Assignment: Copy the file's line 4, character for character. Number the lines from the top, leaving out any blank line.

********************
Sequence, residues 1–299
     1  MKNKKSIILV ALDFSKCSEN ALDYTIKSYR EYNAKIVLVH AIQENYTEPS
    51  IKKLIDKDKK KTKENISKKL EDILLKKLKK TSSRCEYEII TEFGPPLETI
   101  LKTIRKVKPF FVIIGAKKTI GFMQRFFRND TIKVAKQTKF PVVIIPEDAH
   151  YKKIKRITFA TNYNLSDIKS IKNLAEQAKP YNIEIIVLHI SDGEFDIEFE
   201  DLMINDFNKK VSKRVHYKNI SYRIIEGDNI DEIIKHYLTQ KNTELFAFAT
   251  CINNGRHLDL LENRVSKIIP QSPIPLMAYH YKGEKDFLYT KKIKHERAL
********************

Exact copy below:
   101  LKTIRKVKPF FVIIGAKKTI GFMQRFFRND TIKVAKQTKF PVVIIPEDAH